My new video, "Who put the Stink in my Drink" got 2,000 views
    in a single week!! My most viral ever:
    (I have been researching this for 3 years, so $200 is VERY cheap!)

I have several projects in the queue:
  • Richard Wolff speaking in Ithaca
  • Cris McConkey Memorial
  • Some others which I can't talk about ... yet!

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Salem Township Explosion of TETCO (Spectra) Pipeline.


Presently, a more complete commentary exists on Facebook:

I've been digging into the 4-29-2016 Spectra/Texas Eastern Transmission (a/k/a TET, TETC, TETLLP, TE, or TETCO). failure this past week. This was one of the top 5 worst pipeline accidents US History in terms of impact radius. Here is a photo album with my results so far. Scan though all the photos in this album.

Here are the factors I think contributed to the failure and the severity of the impacts:

1) I believe the root cause will be found to be due to corrosion caused by stray DC currents caused by imbalances or errors or interference in Cathodic Protection systems of the 4 different pipes in the ROW. This is extremely tricky to get right, and is almost certainly the cause of the severe corrosion and near-failure of the Keystone-1 pipeline west of St. Louis (Julie Dermansky reported on this for DeSmogBlog).

2) It took 1 hour for the TETCO workers to close all the right valves. This contributed to a long burn.

3) There were 4 segments all interconnected. This means even after they found and closed the right valves, all of that gas upstream and downstream to the nearest block valves had to drain out and burn. I haven't seen official reports about duration, but I'm guessing the fire burned for at least 4 hours, till noon or so. This really made the impacts much worse than if they could have isolated the fault in a *single* segment.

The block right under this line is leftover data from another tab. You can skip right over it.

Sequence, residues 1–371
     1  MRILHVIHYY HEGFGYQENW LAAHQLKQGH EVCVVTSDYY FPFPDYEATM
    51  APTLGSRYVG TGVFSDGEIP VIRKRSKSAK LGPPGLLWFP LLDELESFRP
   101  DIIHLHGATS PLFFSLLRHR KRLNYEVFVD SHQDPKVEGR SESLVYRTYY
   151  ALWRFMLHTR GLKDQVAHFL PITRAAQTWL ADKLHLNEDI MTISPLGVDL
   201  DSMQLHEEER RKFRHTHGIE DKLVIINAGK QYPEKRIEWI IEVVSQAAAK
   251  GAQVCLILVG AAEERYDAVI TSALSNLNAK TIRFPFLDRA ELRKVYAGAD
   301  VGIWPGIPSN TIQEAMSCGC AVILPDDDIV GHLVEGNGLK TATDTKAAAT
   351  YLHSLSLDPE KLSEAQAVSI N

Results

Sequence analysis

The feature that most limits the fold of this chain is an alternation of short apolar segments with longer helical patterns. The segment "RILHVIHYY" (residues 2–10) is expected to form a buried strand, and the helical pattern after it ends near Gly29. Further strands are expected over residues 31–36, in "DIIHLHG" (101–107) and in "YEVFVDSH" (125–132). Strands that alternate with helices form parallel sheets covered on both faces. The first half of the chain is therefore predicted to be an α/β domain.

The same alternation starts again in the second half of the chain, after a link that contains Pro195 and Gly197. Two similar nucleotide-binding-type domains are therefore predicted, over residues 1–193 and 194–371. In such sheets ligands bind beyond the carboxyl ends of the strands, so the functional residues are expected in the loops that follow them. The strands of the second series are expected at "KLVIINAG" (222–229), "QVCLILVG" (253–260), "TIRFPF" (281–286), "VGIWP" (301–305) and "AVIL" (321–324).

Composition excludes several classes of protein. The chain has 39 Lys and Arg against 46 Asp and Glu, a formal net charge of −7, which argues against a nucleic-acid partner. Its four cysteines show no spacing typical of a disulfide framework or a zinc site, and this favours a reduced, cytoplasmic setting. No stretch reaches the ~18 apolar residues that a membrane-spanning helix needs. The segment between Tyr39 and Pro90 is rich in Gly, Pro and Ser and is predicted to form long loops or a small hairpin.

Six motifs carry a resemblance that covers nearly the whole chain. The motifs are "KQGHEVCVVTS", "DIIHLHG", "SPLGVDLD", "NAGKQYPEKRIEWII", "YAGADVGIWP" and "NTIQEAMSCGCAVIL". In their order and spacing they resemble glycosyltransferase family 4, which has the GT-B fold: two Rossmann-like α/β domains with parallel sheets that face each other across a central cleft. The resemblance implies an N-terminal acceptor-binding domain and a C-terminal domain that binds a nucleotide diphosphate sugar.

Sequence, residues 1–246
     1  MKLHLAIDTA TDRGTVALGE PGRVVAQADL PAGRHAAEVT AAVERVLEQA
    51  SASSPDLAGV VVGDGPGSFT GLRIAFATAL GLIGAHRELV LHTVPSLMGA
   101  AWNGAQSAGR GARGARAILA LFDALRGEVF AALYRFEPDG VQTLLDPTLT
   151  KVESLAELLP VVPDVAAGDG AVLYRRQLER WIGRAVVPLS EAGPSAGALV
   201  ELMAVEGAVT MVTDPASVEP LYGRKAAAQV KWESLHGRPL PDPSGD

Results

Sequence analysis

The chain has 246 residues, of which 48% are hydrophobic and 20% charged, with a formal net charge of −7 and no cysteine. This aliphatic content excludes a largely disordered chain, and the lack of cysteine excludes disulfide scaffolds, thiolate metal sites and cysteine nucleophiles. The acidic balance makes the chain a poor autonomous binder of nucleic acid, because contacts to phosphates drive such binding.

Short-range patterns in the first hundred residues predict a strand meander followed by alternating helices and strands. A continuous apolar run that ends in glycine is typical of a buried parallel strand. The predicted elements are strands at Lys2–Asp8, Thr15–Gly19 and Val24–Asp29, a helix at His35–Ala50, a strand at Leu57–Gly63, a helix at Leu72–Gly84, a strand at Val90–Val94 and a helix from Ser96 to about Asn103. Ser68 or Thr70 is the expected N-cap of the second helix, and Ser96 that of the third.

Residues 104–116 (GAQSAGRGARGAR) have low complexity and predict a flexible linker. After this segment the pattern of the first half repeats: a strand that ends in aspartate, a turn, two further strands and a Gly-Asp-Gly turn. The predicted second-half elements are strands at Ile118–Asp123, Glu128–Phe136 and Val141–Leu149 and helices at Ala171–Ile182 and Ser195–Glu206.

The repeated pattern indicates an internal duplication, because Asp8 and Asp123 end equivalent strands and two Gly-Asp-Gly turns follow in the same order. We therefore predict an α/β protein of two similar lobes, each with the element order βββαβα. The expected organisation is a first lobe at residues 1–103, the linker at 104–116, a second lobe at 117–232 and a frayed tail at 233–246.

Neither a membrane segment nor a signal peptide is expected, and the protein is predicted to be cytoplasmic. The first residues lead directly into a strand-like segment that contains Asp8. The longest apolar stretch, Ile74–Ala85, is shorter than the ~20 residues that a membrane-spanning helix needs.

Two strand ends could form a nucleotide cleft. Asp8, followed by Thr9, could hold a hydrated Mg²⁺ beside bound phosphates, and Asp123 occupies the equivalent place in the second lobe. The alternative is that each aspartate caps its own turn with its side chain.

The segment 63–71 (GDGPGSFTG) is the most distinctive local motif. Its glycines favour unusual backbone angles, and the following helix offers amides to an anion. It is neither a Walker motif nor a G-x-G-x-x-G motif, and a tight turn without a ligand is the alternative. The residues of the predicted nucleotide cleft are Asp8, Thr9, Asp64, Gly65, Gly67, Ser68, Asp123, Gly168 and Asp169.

4) Part of the problem is the loss of records about the pipeline. TETCO went to FERC in 2013 to abandon some or all of 750(!!) facilities which they had lost track of, as they lost all of their records after a flood in 2001 (Tropical Storm Allison).

5) The official PHMSA report reveals that one of the four parallel and interconnected lines in the same ROW was taken out of service a week before the accident, was blown down and under maintenance. What are the odds that a maintenance worker accidentally closed an incorrect valve on a pipeline which is already charged to 98.9% of MAOP, because he lacked proper records? What happens to the pressure in that segment? Hmmm....

6) The pipeline may have been carrying > 12% ethane, which is more explosive, due to a special waiver issued by PHMSA.

7) The MAOP of the pipeline should have been lowered in 2006 due to a change in Class caused by an increase in the number of human-occupied structures within 220 yards (660'ft) of the centerline. PHMSA languished on the request (allowing them to operate at unsafe pressures) until 2009, when they granted a waiver!!

8) When the pipeline ruptured, it was operating at 98.9% of MAOP. This is what happened when San Bruno popped. The problem operating so close to MAOP is that there can be pressure fluctuations caused by physics of gas transmission (or human accidents). Suddenly, there can be a surge (like of someone closes a block valve on a pressurized segment.)

9) There appears to be some involvement of a storage well, part of the Oakford system.

I'm sure there is more but this is what I've found so far.

All images in this series are (C) 2016 Share-By CC-BY-NC - All other rights reserved